And when a lump appeared I literally thought this was just another thing that happened after labor. Plus I was already dealing with a crippling tendon injury in my wrist, I was due to have surgery for that and that was enough to deal with.
A sleepless baby, a healing body and a surgery alongside a full scale production was enough. (Do you know I actually even scheduled the surgery for after the production in spite of the horrendous pain because the production was important than my health...???)
The lump turned into a cyst. The cyst grew painful. My GP lanced it (um.... yep pain). It closed, grew again, burst again and just became a part of my life. A cycle that kept going.
Then I started getting sick all the time. As someone that’s always worked with kids I’ve developed the best immune system. Kids cough of me and I’m fine, they vomit on me and I’m good, their snot is wiped on me and I’m still healthy. So this was weird.
Finally when Ash was 4, I was diagnosed with a recto-vaginal fistula from an episiotomy that didn’t heal properly. And I was a walking infection.
4 years of fearful toilet experiences finally explained to me.
4 years of inexplicable sickness finally had reason.
4 years chronic pain....I could literally count on my hands the pain free days I had experienced in her life....finally had a reason and I wasn't just being a wuss.
It was a welcome discovery.
But unfortunately that was just the start.
Over 14 months I had 5 surgeries. All experimental. All maybes. All a complete mind fuck. Physically, painful and difficult. Emotionally, exhausting and draining.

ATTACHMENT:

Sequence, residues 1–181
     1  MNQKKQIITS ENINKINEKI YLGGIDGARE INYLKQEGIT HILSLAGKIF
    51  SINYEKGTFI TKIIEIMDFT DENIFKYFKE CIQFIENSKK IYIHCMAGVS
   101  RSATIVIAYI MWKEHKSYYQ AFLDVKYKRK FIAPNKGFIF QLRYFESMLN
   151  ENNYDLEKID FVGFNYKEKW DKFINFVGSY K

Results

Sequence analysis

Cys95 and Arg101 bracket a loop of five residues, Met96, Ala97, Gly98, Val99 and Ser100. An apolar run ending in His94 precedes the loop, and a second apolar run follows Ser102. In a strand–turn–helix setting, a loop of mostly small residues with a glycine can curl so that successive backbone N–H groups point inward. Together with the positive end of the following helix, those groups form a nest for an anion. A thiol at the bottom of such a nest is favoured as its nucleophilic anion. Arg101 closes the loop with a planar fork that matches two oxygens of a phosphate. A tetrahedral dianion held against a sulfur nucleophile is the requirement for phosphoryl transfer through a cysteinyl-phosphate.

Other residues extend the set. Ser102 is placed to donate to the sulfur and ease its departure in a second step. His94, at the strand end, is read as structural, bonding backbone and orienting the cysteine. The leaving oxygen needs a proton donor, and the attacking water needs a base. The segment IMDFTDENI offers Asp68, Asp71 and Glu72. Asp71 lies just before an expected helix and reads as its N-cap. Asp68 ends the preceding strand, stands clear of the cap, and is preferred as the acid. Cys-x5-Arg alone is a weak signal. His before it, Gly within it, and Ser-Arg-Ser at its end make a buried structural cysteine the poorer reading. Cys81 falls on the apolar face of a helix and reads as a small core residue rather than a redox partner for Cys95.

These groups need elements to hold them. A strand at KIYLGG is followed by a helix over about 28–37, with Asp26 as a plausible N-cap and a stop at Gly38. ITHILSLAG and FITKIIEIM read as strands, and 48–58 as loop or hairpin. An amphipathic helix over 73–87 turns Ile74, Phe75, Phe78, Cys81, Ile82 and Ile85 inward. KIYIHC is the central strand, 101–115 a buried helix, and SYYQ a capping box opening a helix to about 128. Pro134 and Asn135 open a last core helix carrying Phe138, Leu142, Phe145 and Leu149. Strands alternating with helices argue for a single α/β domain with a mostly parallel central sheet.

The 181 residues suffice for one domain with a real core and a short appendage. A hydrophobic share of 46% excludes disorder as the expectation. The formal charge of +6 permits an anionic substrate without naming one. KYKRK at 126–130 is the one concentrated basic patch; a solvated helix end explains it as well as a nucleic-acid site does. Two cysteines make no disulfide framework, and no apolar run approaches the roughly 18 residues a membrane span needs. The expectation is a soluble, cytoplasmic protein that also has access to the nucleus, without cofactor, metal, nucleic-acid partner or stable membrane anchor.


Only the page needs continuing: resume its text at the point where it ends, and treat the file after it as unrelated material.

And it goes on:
With each surgery came the build up to the unknown. The surgery. The recovery from the anesthetic. The physical recovery from the procedure. Then the waiting....did it work?
And each time it was a no.
The not knowing was probably worse than the pain. Would I really be expected to live like this forever? (One surgeon I saw did think that was a totally acceptable option...!!!).
There were days when I couldn’t leave the house. Physically getting up was tiring and painful enough. Emotionally I couldn’t human and chose, quite often, not to.
There were days when I felt a little better so ventured out only to have my body fail me completely and I’d have to race home to shower.
And the smell! I was a walking drain (literally!) for most of 2019 and the drainage stank. I stank. My self-esteem plummeted and my sense of myself as a woman, without any exaggeration, died.
And finally, on the 22nd November 2019, exactly 5 years, 5 months & 12 days or one-thousand nine-hundred & ninety-one days after Ash’s birth I had a surgery that completely healed me.
It was a Friday. I was going to take a week off work to recover but by Monday I felt better than I had in over 5 years. Nothing was going to keep me away.
My world had literally bloomed again. My body was mine. My health was mine. I was pain free. I was me!
I write this for 3 reasons
If something is wrong physically or mentally, get help. Especially if you’re a mum and tend to put everyone else first
Be compassionate towards other people. They may not look like they are suffering but they quite possibly are
And, so you know you can get through this even if you think you can't.